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Storage Solution for Housing Sample Books


Winterthur’s Library and Archives holds one of the few complete sets of the 1888 edition of Hough’s The American Woods: exhibited by actual specimens and copious explanatory text, a 14 volume collection that houses paper-thin veneers of various woods found in the Americas suspended in cardstock. Each volume contains approximately 25 cardstock sheets and a bound booklet with information on the specimens. Originally, the stack of sheets and booklet were wrapped in a ¾ wrap and then slid into a wooden slipcover wrapped in a dark green textile to mimic a book [See Images 1-3].


Elizabeth L Peirce
Winterthur Museum and Gardens
5205 Kennett Pike
Winterthur, DE, 19735

Illustrator/Photo Credits:
Jim Schneck, Winterthur Museum
Liz Peirce, Winterthur Museum
Melissa Tedone, Winterthur Museum
Andrea Krupp, The Library Company

Publication: 2017


Image 1: Wood Samples

Image 2: 3/4 view of wrap.

Image 3: Slipcase

The slipcover had a metal clasp that held the textblock in place. However, there were several issues with the original housing that were causing structural issues with the veneer sheets [See Image 4]:

  • To release the clasp, the slipcase needed to be compressed, putting pressure on the sheets.
  • Many of the slipcases were too tight, requiring compression of the textblock to remove it from the case.
  • Two volumes were missing the booklet, causing the textblock to shift and slide loosely within the slipcover.
  • The textblock and wrap sat slightly recessed within the slipcase, making it very difficult to get a good grip on the block to remove it. Twill tape at one point was wrapped around the wraps to create a handle.
  • Many of the wraps had suffered from damage that weakened their spines, making safe access and transport to a reading surface difficult.
  • There was no information on the unbound nature of the sheets, with no information on safe handling of the collection.

Other considerations included:

  • The new housing needed:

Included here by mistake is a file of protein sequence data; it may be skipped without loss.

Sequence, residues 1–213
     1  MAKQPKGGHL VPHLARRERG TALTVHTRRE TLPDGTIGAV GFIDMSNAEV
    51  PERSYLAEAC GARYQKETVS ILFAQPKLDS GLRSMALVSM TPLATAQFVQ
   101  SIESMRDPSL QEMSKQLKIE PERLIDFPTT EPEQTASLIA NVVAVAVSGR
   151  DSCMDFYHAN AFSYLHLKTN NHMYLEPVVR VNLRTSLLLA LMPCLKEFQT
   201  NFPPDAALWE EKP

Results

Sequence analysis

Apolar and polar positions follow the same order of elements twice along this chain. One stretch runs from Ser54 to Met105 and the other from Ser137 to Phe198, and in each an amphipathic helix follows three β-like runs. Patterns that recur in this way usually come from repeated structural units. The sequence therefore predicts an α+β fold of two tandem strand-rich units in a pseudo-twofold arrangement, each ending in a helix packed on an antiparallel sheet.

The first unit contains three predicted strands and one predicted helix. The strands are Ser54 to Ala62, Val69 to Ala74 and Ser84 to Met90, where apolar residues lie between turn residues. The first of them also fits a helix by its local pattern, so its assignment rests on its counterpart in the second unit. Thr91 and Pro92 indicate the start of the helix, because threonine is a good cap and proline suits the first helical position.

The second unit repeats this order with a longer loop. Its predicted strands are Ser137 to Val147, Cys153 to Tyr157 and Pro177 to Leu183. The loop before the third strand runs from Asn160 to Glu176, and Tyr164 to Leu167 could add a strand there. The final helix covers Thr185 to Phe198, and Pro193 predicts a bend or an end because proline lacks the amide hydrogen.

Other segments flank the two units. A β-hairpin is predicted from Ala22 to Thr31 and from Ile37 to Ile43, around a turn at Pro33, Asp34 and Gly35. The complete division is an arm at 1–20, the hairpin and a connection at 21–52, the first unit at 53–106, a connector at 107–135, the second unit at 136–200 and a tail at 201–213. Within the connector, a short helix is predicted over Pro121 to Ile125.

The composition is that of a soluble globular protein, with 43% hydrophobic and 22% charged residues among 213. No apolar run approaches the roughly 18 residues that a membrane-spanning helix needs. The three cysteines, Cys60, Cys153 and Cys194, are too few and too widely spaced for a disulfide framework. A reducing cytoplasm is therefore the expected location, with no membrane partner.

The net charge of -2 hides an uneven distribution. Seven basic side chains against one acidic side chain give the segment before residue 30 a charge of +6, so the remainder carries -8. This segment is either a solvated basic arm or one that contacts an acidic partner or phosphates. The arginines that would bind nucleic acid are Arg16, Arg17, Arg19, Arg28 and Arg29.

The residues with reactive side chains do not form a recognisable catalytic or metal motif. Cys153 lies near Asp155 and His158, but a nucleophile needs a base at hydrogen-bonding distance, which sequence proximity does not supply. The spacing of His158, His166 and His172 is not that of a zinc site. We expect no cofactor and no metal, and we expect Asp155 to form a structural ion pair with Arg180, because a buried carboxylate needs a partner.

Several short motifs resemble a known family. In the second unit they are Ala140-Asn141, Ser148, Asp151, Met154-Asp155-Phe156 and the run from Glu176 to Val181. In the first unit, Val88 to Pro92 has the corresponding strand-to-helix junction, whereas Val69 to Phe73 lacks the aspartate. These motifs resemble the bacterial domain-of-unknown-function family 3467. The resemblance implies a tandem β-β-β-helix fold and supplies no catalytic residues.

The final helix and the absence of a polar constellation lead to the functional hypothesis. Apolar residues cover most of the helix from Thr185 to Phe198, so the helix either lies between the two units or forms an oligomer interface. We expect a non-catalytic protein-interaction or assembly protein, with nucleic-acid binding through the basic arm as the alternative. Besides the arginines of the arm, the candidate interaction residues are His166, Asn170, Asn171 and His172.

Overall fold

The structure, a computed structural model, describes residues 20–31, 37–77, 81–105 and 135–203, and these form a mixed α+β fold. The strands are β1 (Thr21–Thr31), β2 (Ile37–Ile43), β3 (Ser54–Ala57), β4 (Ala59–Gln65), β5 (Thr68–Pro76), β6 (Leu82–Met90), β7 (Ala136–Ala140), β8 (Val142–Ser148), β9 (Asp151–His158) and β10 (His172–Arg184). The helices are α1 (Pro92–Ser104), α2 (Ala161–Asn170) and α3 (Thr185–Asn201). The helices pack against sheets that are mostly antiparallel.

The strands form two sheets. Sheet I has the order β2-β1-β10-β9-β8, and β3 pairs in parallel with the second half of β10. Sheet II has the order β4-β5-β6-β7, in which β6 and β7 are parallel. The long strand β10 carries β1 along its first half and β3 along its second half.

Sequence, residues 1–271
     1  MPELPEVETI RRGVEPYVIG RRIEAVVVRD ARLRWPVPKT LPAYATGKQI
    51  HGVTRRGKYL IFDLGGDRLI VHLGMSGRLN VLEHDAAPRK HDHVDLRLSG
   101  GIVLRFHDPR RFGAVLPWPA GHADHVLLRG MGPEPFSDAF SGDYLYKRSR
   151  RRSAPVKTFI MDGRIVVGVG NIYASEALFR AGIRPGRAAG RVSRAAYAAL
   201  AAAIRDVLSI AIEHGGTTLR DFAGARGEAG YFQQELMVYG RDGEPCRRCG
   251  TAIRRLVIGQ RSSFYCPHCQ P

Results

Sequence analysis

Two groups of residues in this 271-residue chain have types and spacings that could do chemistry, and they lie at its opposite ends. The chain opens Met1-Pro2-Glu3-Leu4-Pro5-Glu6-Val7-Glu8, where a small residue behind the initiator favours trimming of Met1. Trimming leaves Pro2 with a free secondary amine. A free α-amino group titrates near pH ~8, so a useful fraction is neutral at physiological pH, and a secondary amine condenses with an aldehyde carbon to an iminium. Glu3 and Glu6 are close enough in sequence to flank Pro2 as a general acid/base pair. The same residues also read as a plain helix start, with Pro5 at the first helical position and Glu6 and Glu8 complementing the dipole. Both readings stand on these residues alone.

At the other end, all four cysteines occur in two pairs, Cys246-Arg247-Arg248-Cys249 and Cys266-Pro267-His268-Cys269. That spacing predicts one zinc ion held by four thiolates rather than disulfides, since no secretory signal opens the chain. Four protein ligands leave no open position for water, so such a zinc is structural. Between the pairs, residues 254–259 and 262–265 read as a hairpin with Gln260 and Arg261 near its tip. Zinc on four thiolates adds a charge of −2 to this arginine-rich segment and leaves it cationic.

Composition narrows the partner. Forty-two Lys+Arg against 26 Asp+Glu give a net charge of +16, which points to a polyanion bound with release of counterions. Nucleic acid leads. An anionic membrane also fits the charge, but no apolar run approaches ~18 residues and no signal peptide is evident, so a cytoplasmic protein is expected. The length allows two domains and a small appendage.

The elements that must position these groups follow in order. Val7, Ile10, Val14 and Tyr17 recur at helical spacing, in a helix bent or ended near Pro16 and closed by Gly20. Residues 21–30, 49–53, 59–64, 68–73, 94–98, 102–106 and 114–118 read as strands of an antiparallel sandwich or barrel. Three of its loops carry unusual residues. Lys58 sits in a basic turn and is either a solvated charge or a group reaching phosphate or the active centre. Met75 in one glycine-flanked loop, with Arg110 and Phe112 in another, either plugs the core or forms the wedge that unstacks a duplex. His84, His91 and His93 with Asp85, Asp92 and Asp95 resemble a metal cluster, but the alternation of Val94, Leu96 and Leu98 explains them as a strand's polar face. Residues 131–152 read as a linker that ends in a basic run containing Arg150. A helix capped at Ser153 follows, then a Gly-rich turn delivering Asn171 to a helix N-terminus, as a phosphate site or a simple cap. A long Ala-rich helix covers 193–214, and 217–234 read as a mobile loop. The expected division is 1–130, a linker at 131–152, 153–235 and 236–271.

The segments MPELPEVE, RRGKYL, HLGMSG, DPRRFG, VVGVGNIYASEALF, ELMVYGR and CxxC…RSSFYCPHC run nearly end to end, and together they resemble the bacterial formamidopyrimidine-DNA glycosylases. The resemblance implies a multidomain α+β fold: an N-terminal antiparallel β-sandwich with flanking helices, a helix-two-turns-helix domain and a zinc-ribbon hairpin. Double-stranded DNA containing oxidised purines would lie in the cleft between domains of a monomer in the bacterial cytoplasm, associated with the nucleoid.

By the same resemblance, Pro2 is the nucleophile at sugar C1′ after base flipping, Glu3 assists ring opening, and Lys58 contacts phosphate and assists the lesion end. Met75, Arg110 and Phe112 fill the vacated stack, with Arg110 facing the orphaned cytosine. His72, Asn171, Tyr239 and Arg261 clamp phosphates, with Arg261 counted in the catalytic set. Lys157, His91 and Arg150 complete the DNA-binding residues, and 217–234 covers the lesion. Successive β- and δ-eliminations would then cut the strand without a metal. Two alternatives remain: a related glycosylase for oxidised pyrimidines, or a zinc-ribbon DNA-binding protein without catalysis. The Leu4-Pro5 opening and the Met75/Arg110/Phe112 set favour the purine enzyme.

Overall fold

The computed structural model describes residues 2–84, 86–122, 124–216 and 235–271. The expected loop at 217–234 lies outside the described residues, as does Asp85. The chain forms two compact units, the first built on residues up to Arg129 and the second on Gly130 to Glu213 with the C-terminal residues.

• to fit within the current space allocated within the Library.
    • to retain the information provided by the original housing.
    • to provide stability when on the shelf as well as during use.
  • Rehousing design needed to be simple and straightforward enough to be executed by two undergraduate volunteers with minimal experience working with archival products.

Image 4: Examples of damage, e.g. cracking and losses



The new housing consisted of a four flap wrapper contained within an acid-free cardboard clamshell box. An instruction sheet on handling was included in the clamshell box along with scans of important information from the original housing.

Materials, Tools & Supplies

Tuxedo Box

  • 20pt acid free folder stock
  • 1/4”double sided tape
  • Board shear
  • Matte knife
  • Cutting mat
  • 3/8” corner rounder
  • Small screw punch (2mm)
  • Ruler
  • Square
  • Pencil
  • Bone folder

Clamshell Box

  • acid free cardboard -3mm ‘b’ flute
  • pH neutral ethylene vinyl acetate
  • Paintbrush
  • water (for rinsing brush)
  • clothespins
  • bone folder
  • pencil
  • meter stick
  • square
  • Cutting mat

Additional equipment used

  • BookEye Scanner


Four-Flap Wrapper (Tux box):

  • Dimensions were recorded from the text block in cm
  • Using the Tux Box instruction sheet used at the Parks Library Conservation Lab provided by Melissa Tedone, dimensions for the inner and outer wrappers were calculated.

    Image 5: Diagram of inner and outer wrap dimensions